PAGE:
Lasting images from the Masters

Bubba Watson hugging his mother is one of many enduring images from the 2012 Masters. Timothy A. Clary/AFP/Getty Images

AUGUSTA, Ga. -- After shooting a second-round 75 on Friday, Tiger Woods hit balls into the night on the driving range at Augusta National. The four-time Masters champion was alone on that beautiful practice facility in the dark with his teacher, Sean Foley, and caddie, Joe LaCava.

The frustration that he had felt with his golf swing during his round had carried over to this solitary moment. There was such urgency to the mood that it seemed as if Tiger believed that each swing held some invaluable clue that would solve all of his problems.

His hurry to hit as many balls as possible before it got too dark to see was a reflection of his impatience with his game; his disappointment and disbelief at how his swing had seemingly unraveled less than two weeks after an impressive win at Bay Hill.

Disappointment. Disbelief. Belief. Joy.

These were very salient themes of this year's Masters: themes that grew out of an abundance of images and events that only a tournament as big as the Masters could contain. From Tiger to Rory McIlroy to Phil Mickelson to Sergio Garcia to Louis Oosthuizen to Bubba Watson there was a chain of emotions that carried the weight of the week.

When the tournament started Tiger and Rory seemed destined to meet in a showdown at Amen Corner on Sunday afternoon. But by the end of the third round neither player had a realistic chance of winning. While Tiger's realization of a disappointing Masters came on Friday night, McIlroy wouldn't have his until Saturday when he shot a 42 on the front nine after starting the day a shot back of the lead.

McIlroy and Garcia had played so poorly in the same pairing on Saturday that they hugged when they both made birdies at the par-3 12th.

Mickelson, another popular favorite, still had a chance on Sunday until a triple-bogey on the par-3 4th hole. He still might have gotten into the playoff with Oosthuizen and Watson with two more birdies on the back nine, but no one had ever won a Masters with a triple-bogey on their Sunday scorecard.

Self-belief wasn't a problem for Woods, McIlroy and Mickelson. Their disappointment was a palpable response to the confidence that they had brought into the tournament. Their high expectations of themselves made not winning all the more painful.


It's what helped Watson execute that big roping hook out of the woods on the 10th in the second playoff hole against Oosthuizen. He believes in what he's doing no matter how unconventional it might seem to the astute golf observer.

"I just play the game, the game that I love. And truthfully, it's like Seve [Ballesteros] played. He hit shots that were unbelievable," Bubba said Sunday night. "Phil Mickelson hits the shot, he goes for it.

"And that's why he wins so many times. That's why he's not afraid. So for me that's what I do. I just play golf. I attack. I always attack."

Belief and disbelief.

Belief explains why Bubba won on Sunday and disbelief explains why Garcia finished in a tie for 12th. After a 75 on Saturday, the 32-year-old Spaniard told the press that he wasn't good enough to win a major.

"I'm not good enough, and today I know it," he said. "I've been trying for 13 years, and I don't feel capable of winning. I don't know what happened to me. Maybe it's something psychological. … I'm not good enough for the majors."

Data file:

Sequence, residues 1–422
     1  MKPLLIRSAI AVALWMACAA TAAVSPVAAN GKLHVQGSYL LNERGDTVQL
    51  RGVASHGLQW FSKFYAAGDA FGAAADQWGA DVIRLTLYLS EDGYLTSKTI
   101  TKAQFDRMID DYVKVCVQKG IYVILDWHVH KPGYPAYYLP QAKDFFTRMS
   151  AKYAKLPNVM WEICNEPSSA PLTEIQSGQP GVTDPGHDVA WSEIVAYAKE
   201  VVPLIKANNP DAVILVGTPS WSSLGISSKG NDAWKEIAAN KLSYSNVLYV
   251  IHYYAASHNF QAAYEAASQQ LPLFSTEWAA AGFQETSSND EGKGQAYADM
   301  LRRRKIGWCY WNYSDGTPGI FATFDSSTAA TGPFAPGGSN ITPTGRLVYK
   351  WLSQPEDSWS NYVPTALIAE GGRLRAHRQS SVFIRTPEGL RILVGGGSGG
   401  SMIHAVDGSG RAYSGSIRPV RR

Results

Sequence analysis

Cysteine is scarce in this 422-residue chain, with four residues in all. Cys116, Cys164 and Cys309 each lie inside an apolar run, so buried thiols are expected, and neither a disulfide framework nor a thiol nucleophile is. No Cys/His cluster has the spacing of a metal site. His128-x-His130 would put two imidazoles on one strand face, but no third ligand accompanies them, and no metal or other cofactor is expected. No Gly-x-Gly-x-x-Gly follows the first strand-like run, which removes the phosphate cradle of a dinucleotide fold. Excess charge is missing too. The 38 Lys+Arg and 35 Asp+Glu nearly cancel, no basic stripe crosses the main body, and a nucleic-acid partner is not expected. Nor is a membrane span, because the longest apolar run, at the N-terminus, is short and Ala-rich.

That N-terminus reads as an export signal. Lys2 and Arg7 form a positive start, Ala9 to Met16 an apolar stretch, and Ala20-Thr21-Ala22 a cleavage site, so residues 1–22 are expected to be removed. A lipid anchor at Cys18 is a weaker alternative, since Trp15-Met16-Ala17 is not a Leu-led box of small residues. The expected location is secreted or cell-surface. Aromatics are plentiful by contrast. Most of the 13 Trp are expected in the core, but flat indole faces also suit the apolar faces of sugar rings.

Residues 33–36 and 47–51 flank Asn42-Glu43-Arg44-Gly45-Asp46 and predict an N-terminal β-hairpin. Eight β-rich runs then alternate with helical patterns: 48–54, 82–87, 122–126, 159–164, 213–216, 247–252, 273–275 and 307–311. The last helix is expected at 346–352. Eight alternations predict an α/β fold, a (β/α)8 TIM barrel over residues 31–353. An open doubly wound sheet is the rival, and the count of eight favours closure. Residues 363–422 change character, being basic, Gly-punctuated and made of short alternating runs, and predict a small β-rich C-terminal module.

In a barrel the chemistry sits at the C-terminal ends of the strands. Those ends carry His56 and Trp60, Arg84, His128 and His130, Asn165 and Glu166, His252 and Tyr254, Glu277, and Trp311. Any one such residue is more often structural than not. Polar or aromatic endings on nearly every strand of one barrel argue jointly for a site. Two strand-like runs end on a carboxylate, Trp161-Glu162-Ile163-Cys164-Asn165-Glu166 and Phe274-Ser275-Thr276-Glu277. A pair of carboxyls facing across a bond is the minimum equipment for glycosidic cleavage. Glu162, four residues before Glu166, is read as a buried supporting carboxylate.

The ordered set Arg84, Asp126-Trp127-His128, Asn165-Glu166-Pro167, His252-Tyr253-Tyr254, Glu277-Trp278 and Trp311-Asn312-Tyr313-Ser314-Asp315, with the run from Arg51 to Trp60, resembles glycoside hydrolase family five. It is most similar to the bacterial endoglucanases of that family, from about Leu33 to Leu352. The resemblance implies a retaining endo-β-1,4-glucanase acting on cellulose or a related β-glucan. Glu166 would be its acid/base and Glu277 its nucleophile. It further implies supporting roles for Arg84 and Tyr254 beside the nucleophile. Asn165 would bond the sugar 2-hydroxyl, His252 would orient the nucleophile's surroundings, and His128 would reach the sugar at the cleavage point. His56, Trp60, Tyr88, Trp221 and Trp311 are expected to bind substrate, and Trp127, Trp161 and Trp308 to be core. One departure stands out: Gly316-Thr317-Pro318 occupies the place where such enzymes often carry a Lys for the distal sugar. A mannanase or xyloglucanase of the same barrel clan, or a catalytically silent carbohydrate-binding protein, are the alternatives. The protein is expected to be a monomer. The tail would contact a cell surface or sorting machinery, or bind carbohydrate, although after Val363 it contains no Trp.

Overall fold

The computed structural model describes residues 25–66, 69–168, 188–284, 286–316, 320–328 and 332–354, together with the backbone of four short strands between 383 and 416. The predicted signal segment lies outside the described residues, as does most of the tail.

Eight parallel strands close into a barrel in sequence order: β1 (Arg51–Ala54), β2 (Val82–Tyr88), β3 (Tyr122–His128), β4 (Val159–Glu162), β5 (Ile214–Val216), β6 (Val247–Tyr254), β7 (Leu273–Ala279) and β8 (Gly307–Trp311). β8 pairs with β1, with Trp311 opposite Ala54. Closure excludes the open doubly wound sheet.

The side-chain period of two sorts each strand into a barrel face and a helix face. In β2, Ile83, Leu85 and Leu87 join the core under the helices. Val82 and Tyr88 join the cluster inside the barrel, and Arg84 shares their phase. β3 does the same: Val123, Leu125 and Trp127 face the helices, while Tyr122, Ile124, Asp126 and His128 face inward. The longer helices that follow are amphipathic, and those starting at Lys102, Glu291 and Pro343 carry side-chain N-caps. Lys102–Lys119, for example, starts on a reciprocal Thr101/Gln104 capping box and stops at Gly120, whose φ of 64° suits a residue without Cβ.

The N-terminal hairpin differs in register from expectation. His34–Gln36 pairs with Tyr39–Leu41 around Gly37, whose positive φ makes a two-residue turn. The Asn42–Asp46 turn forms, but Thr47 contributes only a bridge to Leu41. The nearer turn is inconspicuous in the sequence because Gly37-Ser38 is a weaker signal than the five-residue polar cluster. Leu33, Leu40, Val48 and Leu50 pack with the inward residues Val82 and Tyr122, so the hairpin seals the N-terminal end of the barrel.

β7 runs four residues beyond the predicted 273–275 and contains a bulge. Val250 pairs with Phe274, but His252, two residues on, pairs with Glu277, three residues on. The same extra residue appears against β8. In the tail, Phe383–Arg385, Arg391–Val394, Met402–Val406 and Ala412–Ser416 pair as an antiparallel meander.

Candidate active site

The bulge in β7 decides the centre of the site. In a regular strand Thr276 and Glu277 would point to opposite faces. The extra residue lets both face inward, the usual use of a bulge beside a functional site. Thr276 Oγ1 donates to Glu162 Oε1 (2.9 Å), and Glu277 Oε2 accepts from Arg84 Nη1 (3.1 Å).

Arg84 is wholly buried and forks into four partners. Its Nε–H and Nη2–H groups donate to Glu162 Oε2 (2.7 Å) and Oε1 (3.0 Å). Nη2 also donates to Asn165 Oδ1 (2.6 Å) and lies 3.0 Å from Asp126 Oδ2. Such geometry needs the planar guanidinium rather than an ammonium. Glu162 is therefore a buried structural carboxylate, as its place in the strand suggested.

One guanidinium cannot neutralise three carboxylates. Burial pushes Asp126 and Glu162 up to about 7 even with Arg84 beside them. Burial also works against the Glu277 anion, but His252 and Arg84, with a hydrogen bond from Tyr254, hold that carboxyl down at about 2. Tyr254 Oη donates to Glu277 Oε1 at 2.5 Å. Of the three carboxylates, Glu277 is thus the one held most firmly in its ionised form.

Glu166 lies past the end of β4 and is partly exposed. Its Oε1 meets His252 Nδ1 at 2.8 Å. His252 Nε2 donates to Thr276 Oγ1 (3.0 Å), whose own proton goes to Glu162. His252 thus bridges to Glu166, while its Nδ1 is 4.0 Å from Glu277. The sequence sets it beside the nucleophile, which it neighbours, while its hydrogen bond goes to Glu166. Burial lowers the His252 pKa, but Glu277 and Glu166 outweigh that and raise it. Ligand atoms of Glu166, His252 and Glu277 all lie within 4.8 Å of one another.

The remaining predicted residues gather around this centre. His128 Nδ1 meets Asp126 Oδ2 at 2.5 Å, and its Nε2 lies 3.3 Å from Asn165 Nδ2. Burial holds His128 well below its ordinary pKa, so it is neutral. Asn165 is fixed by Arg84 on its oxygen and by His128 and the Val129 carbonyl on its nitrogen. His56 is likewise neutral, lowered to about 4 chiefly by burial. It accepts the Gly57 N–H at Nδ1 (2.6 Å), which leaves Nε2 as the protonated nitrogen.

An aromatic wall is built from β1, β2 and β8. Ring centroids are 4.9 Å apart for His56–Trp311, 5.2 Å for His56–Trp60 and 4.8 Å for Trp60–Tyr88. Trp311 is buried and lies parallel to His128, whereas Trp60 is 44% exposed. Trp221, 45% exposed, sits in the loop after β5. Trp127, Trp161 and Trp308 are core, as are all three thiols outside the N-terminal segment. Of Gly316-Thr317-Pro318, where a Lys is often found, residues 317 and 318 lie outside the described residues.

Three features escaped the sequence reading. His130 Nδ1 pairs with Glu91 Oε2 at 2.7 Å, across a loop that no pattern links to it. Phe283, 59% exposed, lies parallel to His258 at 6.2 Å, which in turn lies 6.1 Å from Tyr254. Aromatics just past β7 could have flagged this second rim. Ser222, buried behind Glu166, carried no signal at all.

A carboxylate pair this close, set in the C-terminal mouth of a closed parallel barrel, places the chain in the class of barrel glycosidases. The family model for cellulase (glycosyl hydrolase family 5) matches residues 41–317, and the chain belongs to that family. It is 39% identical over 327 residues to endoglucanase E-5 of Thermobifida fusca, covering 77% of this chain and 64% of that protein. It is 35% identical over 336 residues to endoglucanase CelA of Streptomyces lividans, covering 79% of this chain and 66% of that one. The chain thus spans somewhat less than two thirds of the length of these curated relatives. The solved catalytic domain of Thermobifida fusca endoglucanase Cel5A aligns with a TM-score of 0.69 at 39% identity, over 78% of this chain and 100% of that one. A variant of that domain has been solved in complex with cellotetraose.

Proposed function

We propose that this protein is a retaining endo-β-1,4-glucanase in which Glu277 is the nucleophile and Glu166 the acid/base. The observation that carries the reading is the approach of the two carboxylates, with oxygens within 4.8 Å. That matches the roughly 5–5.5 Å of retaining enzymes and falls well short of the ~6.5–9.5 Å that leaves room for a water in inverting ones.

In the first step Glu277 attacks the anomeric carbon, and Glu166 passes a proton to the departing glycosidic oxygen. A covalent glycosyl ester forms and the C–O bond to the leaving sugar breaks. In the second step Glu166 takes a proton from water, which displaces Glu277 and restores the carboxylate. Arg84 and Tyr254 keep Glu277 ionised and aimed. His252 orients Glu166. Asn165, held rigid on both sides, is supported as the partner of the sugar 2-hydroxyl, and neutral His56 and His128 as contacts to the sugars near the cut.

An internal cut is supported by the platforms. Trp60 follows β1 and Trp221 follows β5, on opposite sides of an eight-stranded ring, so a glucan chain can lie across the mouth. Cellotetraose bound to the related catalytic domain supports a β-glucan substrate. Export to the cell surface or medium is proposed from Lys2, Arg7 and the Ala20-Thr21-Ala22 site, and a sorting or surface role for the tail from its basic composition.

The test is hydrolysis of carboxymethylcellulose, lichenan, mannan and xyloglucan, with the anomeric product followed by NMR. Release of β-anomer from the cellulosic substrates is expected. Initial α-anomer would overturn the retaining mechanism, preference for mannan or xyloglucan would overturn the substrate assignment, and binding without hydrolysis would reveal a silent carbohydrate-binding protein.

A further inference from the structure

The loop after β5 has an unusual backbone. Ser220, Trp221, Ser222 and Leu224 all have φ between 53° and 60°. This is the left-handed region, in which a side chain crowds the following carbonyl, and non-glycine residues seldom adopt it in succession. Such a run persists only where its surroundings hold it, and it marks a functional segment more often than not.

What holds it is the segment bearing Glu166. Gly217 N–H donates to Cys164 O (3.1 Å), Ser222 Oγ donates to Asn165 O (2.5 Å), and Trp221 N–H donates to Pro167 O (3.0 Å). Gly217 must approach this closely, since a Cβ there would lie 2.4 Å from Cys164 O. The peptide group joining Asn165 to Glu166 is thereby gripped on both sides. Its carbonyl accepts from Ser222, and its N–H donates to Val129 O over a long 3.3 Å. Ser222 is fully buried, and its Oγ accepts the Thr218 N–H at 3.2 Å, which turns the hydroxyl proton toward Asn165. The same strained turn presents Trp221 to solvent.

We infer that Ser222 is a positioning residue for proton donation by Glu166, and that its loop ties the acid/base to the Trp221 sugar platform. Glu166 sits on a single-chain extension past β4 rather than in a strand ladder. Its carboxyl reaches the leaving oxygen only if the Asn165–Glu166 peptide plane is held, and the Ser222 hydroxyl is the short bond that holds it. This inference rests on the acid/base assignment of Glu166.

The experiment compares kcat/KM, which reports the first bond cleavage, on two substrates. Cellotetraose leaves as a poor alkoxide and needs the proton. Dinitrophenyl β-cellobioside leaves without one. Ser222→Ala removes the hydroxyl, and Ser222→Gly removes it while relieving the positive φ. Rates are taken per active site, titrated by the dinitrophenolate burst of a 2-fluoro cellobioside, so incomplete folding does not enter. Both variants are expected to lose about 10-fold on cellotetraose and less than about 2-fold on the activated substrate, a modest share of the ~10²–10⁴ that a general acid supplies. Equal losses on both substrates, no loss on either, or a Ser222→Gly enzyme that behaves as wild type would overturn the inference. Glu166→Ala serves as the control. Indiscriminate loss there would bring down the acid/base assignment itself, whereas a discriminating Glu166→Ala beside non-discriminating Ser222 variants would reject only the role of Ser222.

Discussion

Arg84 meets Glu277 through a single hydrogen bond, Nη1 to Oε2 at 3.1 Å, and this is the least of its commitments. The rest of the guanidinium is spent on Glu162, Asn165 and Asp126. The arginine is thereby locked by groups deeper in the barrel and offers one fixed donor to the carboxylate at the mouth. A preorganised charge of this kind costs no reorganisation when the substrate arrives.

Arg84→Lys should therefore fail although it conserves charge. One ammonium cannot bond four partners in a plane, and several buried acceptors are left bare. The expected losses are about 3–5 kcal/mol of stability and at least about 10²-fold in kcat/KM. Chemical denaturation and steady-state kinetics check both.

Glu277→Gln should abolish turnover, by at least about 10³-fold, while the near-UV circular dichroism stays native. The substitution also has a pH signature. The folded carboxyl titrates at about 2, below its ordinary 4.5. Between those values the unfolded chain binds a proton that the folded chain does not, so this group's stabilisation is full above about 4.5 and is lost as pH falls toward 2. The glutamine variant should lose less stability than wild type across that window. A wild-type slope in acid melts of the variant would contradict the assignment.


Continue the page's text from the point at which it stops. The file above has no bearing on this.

It was such a baffling thing for a world-class player to say publically that on Sunday he was asked to elaborate on the subject. "Everything I say, I say it because I feel it. If I didn't mean it, I couldn't stand here and lie like a lot of the guys do. If I felt like I could win, I would do it," he said after a final-round 1-under 71.

Belief and disbelief.

One man is full of joy and hope, while another is full of resignation and self-pity. The Masters creates those kinds of juxtapositions.

This week the tournament reentered the cultural wars as speculation arose over the possibility of the all-male club accepting a female member. The alleged candidate is Virginia Rometty, the new CEO of IBM, a company with long ties to the Masters. Many people find it unbelievable that it's 2012 and there are still no women members at one of the most famous golf clubs in the world. A few generations ago it would have been inconceivable for there to have been women or African-Americans in the membership. This week I saw several black members walking the grounds in their green jackets.

Belief and disbelief.

On Sunday night, Bubba Watson flew home to the Orlando area to share his amazing win with his wife and new adopted baby, Caleb. The adoption process, which took four years, had been difficult for Bubba and his wife, Angie.

They had asked for prayers from their friends on tour through the process. They had been turned down by another adoption agency on the Monday of Bay Hill. But a few days later they accepted a baby boy through a California adoption agency called Chicks in Crisis.

"It's just we knew that we had to adopt back when we first started dating. The first date me and Angie ever had, she told me she was going to have to adopt, she couldn't have kids and I said, "That's fine.' I said, 'If God tells us he wants us to adopt, we'll adopt,'" Bubba said Sunday.

Disappointment. Disbelief. Belief. Joy.

Year after year the Masters nurtures all these conditions. Some lay dormant while others grow and blossom like a newborn baby. The arc isn't closed on the careers of Tiger, Rory, Phil or Sergio. They will have many more chances at green jackets. They will realize some of their dreams.

Perhaps the best line of the tournament came from Bubba shortly after his win. "I've never had a dream go this far," he said.

But he had faith that something great would happen for him. That's belief and joy.

Farrell Evans covers golf for ESPN and can be contacted at evans.espn@gmail.com.